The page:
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Nonnewaug Lacrosse Club Wants Varsity Status

WOODBURY – The Nonnewaug Lacrosse Club asked the Region 14 Board of Education at its meeting on Monday to give it a chance to compete next season as a boys varsity sport.

Marc Duncan, the father of a Nonnewaug player, said the club is not looking for financing, but wants the board to give the program a chance to compete as a co-op program and as a member of the Connecticut Interscholastic Athletic Conference. Currently, the 10-year-old club has 17 players from Region 14, 6 students from Oxford, one from Woodland High School, and one from Sacred Heart of Waterbury.

Duncan proposed that the board conduct a survey of interest as it did in 2015, before it let the school’s swim team become a varsity program.

Michael Paniccia, Nonnewaug’s head coach, who played in college after playing for Nonnewaug, said the board needs to think of lacrosse as a platform for college so kids can chase their dreams.

“No disrespect, but we give baseball and soccer a lot of chances,” Paniccia said. “Not every kid in this town plays baseball or soccer. There are hundreds of kids that have nothing to do in the springtime.”

Paniccia told the board that the lack of varsity status bugs him because he’s been through this both as a player and a coach. He said the club needs the board’s support to become a varsity sport.

He also understands the school’s perspective that adding lacrosse could cut unto the other spring sports Nonnewaug offers.

“Think about giving these kids a chance instead of the negativity of taking away from other things,” Paniccia said. “It’s all positive. We all just have to come together and work.”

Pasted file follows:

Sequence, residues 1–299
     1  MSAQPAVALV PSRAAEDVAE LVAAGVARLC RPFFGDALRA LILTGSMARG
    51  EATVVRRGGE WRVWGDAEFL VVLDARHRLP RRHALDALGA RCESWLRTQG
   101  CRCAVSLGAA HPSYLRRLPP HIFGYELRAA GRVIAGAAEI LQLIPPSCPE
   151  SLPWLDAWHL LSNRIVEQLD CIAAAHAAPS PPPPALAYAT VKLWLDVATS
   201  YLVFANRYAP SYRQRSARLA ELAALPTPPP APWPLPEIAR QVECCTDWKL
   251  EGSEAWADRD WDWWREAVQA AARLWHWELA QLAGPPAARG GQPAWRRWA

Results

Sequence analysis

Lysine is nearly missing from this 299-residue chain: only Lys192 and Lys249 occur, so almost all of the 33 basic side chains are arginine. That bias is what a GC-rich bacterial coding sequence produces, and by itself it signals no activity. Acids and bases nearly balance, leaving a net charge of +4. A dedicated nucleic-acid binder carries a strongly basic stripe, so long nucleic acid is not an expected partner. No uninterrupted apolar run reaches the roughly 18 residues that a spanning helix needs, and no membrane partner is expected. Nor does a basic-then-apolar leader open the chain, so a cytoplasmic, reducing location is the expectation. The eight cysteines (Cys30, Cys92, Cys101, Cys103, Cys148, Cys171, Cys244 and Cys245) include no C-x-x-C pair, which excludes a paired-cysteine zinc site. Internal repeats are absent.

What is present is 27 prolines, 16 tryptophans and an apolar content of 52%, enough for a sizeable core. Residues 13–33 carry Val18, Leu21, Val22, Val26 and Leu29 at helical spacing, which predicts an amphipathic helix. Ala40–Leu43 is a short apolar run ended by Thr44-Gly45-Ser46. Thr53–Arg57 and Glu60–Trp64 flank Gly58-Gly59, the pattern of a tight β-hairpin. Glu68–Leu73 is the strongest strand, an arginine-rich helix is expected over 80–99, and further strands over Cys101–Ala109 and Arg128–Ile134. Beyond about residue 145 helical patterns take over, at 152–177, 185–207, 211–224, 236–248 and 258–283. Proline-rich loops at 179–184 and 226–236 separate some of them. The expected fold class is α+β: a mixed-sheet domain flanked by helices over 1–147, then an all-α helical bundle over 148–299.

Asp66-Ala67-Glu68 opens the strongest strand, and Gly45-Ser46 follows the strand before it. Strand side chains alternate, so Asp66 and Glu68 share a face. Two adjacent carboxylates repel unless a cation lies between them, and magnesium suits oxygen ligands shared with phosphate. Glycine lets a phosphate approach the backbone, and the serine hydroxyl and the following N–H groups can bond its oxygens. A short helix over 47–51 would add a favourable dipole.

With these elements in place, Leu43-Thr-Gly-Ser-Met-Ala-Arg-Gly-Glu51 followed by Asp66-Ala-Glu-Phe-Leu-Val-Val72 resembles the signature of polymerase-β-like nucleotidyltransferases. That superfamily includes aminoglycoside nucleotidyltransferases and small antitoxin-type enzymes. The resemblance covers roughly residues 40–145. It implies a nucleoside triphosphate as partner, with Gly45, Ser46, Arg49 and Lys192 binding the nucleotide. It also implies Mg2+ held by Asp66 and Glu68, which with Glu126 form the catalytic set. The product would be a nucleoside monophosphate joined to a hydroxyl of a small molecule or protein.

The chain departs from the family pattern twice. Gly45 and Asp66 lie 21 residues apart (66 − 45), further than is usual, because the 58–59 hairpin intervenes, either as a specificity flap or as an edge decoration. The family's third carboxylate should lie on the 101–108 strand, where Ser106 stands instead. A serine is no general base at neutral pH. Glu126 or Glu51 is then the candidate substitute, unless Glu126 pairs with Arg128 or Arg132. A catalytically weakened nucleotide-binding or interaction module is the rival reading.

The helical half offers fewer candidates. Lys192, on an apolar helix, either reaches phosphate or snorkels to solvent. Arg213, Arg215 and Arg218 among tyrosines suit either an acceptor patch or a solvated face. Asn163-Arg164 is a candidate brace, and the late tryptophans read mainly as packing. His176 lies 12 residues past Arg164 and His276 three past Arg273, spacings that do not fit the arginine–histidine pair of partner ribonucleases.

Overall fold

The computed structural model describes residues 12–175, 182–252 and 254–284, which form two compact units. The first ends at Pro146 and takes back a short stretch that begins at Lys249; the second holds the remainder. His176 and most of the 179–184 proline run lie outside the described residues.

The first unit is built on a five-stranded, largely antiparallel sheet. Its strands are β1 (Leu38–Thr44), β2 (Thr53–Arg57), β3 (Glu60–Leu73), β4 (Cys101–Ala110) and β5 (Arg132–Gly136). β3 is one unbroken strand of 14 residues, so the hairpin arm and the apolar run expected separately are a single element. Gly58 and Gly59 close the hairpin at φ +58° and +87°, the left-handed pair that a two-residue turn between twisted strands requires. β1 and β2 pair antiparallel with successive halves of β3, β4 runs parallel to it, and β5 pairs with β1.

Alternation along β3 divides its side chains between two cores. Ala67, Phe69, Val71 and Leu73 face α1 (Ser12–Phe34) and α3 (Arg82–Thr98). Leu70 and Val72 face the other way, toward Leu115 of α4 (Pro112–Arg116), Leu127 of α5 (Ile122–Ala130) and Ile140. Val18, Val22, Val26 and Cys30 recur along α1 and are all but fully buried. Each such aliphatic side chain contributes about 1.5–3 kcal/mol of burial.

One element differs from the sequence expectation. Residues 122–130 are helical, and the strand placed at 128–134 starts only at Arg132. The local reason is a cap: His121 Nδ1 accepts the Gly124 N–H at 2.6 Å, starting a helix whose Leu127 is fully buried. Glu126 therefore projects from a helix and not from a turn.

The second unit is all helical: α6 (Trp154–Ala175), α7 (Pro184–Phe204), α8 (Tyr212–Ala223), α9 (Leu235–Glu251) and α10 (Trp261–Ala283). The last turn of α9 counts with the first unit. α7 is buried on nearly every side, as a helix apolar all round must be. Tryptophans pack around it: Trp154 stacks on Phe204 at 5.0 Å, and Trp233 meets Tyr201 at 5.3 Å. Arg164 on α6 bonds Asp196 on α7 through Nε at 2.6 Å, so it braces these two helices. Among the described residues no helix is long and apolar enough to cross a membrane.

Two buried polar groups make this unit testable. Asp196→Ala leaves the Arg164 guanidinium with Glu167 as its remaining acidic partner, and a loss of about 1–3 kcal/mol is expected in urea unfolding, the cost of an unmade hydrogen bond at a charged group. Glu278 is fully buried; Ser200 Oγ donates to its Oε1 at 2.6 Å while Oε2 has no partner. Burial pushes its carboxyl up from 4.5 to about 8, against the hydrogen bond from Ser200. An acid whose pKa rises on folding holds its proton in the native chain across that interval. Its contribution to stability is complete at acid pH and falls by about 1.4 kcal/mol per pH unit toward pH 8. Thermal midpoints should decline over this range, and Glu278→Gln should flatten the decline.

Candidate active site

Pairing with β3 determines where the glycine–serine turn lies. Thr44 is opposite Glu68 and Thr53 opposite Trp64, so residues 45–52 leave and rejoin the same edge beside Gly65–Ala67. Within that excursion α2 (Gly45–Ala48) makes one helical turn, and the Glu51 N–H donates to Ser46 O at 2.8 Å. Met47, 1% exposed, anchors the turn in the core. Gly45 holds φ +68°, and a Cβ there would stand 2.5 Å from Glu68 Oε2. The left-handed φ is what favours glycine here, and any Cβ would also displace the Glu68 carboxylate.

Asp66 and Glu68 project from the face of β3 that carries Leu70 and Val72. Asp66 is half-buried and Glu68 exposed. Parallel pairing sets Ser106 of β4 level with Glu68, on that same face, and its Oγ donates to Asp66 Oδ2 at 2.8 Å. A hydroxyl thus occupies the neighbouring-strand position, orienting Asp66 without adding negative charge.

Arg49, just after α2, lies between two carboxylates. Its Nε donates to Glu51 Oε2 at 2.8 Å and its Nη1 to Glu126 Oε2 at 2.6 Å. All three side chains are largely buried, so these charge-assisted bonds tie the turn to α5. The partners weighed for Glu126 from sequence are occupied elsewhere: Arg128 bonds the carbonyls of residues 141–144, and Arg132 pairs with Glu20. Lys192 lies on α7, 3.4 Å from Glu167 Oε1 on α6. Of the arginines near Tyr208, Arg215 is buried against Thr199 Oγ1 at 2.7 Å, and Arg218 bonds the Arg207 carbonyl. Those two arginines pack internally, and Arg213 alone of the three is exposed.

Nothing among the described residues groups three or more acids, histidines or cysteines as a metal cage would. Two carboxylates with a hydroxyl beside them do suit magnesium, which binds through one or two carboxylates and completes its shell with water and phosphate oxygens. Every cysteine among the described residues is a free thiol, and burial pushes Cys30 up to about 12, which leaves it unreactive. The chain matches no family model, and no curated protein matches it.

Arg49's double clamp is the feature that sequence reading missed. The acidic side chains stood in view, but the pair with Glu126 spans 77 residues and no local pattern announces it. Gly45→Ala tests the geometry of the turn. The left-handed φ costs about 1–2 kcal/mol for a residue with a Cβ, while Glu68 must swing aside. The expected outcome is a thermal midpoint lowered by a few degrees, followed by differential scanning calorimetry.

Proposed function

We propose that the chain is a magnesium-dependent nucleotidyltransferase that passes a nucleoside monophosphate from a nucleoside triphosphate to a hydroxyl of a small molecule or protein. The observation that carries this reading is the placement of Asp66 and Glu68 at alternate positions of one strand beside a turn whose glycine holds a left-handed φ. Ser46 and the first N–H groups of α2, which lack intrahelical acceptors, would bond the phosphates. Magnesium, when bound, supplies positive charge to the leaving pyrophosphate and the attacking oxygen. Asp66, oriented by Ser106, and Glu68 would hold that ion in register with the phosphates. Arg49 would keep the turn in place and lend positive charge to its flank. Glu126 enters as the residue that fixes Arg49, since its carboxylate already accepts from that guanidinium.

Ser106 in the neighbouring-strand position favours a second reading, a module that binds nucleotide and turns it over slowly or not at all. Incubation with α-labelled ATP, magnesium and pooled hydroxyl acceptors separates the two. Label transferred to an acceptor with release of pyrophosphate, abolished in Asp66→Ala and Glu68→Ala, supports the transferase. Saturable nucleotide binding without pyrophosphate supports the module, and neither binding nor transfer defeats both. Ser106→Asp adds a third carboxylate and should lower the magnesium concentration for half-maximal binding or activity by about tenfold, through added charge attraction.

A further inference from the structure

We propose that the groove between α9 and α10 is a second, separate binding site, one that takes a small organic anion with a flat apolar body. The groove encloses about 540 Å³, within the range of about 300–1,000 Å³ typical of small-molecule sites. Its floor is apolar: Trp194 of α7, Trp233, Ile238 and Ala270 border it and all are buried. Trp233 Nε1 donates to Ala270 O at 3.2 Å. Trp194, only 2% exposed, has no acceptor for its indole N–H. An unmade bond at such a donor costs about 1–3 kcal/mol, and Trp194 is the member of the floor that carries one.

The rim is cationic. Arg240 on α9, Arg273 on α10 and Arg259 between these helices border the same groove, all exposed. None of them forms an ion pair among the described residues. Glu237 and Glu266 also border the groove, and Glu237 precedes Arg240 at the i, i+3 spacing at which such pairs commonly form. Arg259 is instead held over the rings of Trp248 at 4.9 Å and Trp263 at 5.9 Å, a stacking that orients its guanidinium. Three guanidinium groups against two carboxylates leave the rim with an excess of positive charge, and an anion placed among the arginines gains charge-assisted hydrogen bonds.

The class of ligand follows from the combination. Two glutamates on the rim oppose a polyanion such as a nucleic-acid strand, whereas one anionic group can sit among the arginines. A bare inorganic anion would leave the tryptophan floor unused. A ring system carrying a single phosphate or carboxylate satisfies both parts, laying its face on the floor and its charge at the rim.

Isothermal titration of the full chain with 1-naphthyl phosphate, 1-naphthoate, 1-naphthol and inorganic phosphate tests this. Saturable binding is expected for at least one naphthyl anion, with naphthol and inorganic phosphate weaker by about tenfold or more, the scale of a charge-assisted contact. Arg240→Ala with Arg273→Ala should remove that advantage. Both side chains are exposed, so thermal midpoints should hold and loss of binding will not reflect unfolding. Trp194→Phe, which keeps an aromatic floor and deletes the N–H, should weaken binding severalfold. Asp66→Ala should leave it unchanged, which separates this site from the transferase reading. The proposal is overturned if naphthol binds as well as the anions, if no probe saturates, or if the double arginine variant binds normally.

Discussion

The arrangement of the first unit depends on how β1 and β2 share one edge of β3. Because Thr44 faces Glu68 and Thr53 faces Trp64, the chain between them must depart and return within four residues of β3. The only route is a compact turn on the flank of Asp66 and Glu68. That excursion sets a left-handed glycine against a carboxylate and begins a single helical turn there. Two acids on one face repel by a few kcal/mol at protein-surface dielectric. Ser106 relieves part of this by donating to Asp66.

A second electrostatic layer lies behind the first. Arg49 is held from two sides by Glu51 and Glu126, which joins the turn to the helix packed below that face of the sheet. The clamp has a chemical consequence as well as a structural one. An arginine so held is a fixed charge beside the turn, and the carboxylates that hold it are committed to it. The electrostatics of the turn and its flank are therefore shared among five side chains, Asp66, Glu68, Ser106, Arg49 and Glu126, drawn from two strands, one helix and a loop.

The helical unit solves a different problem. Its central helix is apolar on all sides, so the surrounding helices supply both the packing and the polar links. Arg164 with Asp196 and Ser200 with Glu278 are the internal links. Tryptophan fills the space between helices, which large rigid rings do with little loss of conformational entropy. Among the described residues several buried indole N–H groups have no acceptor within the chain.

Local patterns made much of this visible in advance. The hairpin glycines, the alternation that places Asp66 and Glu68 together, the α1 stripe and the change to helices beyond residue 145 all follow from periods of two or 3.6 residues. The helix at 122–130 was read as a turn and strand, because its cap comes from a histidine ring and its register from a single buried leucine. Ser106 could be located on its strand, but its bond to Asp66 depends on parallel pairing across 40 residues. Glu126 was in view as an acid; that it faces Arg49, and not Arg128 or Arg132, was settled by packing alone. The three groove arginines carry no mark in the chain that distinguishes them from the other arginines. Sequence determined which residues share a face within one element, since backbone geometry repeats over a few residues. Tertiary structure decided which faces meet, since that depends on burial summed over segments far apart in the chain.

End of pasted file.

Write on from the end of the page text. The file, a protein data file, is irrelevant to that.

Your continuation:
Tom Duncan, a Nonnewaug junior and a defenseman on the lacrosse club, said that while some members have gone on to play at the collegiate level, others have quit because they can’t earn a varsity letter in the sport.

“This will give kids who don’t play a sport a chance to try something new,” said Duncan, who has been playing with Nonnewaug since he was in eighth grade.

Heidi Miller, whose son, Hunter, is a junior on the team, said these kids need the opportunity to play and show their pride for their school.

Miller said lacrosse has provided the most-positive experience for Hunter, who started playing lacrosse this season, his friends, and his family.

“The most positive thing that I’ve seen out of this is his passion for the sport,” Miller said. “As those of you who are parents well know, that feeling of a child having a passion for something is just so great.”

Since the comments made by the lacrosse supporters were not part of a set agenda item, but from the floor, Board of Education Chairman Janet Morgan said she and the board could not take immediate action. However, Morgan did tell the supporters that she would set up a meeting between them, the board, Nonnewaug principal Julie Luby and athletic director Declan Curtin to discuss the club’s future.

Nonnewaug plays its home games at Mitchell Elementary School on a field that parents have said is in poor condition. Regardless of its status, Nonnewaug may be able to play its games on the new artificial turf field, which is scheduled to be ready for play this fall and will include markings for lacrosse.

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